The Future of the European Shopping Experience

The future shopping centre lies at the intersection of user experience, technology and design. We’ve identified four overarching themes that will impact shopping centres across Europe for decades to come.

Food Reigns

Food and dining experiences are quickly becoming the gluten that holds retail together and that will be doubly so for the shopping centre of the future. Up-and-coming shopping centres are swiftly moving away from food courts or even deconstructed food courts to a flexible food model. Food as entertainment, from festivals and chef demonstrations to cooking classes and farmers’ markets, are rapidly becoming big draws for shoppers across Europe, with the ratio of food service to retail and other amenities expected to top 20% over the next ten years.

  • Shopping centre dining in the future will focus on decentralised eating, allowing customers to eat and drink anything, anywhere. We can also look forward to robot delivery for some added futuristic appeal.
  • And don’t think social responsibility stops at Fair Trade goods; composting your meals, flexible portions to cut down on waste, on-site gardens, and food charity programs are all part of the new string of enlightened eating establishments.
  • Just as we expect this kind of conscious dining to get bigger than ever, we see the experience of food becoming more global and more social: according to Univision Communications, 44% of Millennials in the United States have posted a photo of food on social media. Their European counterparts aren’t far behind; Facebook IQ shows that 23% of users in France, Germany and the UK said Instagram has empowered them to see and do more in life. The upshot for brands is that any dining or retail experiences that have a visual “wow factor” that garners likes, shares and retweets for their customers will have an edge over traditional models.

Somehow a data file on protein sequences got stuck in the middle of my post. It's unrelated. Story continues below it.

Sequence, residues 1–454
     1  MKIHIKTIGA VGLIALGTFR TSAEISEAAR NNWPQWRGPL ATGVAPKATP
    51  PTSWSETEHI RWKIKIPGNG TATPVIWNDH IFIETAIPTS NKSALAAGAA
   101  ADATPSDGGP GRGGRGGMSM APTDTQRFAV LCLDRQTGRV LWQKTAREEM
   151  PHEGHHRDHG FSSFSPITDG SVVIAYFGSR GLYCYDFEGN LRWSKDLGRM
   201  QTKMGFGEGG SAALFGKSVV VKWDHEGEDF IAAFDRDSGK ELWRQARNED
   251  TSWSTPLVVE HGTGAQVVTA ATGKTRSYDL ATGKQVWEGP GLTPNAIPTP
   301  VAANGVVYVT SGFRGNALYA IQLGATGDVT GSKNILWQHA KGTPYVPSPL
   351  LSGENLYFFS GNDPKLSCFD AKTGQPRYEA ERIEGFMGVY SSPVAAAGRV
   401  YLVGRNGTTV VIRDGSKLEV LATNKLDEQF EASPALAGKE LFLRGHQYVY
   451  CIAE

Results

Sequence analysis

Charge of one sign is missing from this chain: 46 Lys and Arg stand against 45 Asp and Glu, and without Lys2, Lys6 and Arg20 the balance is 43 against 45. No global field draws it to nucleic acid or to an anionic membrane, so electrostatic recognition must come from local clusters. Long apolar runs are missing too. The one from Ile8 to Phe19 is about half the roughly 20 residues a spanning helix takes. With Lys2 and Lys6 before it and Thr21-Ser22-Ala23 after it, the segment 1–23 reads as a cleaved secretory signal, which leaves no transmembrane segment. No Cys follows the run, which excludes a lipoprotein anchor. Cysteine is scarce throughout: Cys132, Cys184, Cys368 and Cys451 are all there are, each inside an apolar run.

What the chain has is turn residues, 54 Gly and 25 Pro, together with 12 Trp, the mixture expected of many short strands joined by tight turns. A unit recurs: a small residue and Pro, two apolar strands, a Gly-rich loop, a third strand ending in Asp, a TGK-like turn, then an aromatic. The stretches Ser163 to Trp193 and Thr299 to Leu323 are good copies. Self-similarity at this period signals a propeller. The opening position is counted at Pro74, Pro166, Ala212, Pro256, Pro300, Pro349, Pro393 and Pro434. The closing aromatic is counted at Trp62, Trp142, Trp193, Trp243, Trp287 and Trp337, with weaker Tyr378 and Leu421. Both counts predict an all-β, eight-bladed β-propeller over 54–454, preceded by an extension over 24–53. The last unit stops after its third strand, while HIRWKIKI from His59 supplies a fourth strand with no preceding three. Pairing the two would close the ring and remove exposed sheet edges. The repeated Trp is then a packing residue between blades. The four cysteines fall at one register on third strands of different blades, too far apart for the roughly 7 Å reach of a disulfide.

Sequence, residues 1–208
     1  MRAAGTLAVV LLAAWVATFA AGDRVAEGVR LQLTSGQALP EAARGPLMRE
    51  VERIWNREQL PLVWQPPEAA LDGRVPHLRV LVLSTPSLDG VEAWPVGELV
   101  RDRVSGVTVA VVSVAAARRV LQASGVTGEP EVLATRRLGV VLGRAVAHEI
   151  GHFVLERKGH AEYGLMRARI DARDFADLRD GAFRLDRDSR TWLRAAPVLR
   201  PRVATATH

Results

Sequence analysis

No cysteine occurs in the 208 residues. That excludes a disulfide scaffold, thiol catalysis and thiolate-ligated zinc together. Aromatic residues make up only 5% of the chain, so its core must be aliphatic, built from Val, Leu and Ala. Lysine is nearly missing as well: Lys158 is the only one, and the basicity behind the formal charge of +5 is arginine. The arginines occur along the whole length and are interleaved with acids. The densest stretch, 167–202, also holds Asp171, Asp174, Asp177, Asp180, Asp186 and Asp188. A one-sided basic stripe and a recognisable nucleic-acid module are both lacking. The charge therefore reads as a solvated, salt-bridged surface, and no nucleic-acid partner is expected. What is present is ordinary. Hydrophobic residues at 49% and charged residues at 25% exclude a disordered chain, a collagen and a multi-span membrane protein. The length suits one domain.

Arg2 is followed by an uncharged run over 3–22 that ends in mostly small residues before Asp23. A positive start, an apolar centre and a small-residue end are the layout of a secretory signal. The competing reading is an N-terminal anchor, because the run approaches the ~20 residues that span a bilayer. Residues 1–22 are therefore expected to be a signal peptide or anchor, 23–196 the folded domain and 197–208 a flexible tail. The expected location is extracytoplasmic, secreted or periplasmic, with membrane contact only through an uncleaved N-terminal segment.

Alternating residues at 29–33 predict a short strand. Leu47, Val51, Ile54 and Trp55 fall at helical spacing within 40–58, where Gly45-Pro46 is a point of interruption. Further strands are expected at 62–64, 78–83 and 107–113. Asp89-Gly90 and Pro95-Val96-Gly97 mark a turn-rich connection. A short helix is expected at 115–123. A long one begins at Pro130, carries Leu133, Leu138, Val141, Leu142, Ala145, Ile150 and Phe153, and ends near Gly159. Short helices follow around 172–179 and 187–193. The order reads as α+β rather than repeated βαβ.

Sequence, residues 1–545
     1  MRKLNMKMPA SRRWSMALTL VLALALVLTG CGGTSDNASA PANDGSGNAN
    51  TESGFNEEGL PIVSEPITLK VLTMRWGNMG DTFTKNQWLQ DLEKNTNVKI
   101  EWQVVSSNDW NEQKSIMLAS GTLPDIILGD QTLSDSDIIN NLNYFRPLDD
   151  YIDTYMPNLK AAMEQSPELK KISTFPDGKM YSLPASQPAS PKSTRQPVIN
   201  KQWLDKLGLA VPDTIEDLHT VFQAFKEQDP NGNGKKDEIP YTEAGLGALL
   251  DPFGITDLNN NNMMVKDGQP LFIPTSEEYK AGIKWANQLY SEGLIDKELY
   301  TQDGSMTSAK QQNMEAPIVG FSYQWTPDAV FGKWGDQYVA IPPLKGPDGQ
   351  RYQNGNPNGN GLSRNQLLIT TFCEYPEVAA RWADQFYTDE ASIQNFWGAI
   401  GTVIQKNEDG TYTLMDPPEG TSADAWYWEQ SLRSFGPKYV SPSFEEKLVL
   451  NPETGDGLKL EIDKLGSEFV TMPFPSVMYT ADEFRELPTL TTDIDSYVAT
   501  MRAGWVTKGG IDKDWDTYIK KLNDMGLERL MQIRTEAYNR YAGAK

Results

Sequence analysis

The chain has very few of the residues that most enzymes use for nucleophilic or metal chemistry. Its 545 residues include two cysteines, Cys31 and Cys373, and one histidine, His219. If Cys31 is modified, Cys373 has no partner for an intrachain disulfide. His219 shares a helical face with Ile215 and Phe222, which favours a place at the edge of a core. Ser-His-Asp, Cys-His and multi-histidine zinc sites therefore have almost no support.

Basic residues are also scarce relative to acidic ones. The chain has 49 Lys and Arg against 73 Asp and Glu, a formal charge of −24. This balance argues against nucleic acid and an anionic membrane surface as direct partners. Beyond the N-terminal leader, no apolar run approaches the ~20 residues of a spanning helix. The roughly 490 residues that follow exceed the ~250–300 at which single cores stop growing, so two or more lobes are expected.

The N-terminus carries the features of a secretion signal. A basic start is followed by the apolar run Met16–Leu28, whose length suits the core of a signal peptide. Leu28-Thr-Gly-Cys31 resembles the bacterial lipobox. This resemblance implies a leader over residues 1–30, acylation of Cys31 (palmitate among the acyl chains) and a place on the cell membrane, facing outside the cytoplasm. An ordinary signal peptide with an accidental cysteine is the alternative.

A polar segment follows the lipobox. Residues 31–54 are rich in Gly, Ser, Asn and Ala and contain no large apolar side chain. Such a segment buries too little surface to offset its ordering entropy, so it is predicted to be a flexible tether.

Connecting People, Moving Goods

To compete for shoppers’ valuable time, it’s all about unprecedented convenience, movement and speed from customer to goods—and vice versa. And no matter how much technology changes how we shop in the coming decades or how innovative we become, being an integral part of the community is the best way to keep loyal customers coming back week after week.

  • Connection options are key for European shopping centres, as up to 40% of journeys across the EU are completed by cycle or on foot and 57 billion passenger journeys are made by local public transit in the EU every year, according to UITP. The more convenient it is to reach the shopping centre of the future by public transit, the better.
  • The car has some catching up to do: pedestrians and bus users spend more than motorists during shopping trips (source: Urban Pollinators Ltd), and in the UK, 65% of respondents to a survey said the cost of parking put them off shopping locally (source: Based on current tech trends, the cars of the future will be battery-powered, able to travel longer distances and more lightweight. They will also have the capacity to self-drive (or at least self-park). Being able to get in and out of a shopping centre easily and quickly will be a vital part of the modern shopping experience.
  • Instant gratification is alive and well. That applies to everything from delivery to fashion lines. Free overnight delivery and click-and-collect are becoming standard and shopping centres will need to continue improving the speedy experience to stay competitive. Fast fashion will continue to grow, but the trick will be making the supply chain ethical enough to meet increasing consumer standards for transparency.

Digital Meets Physical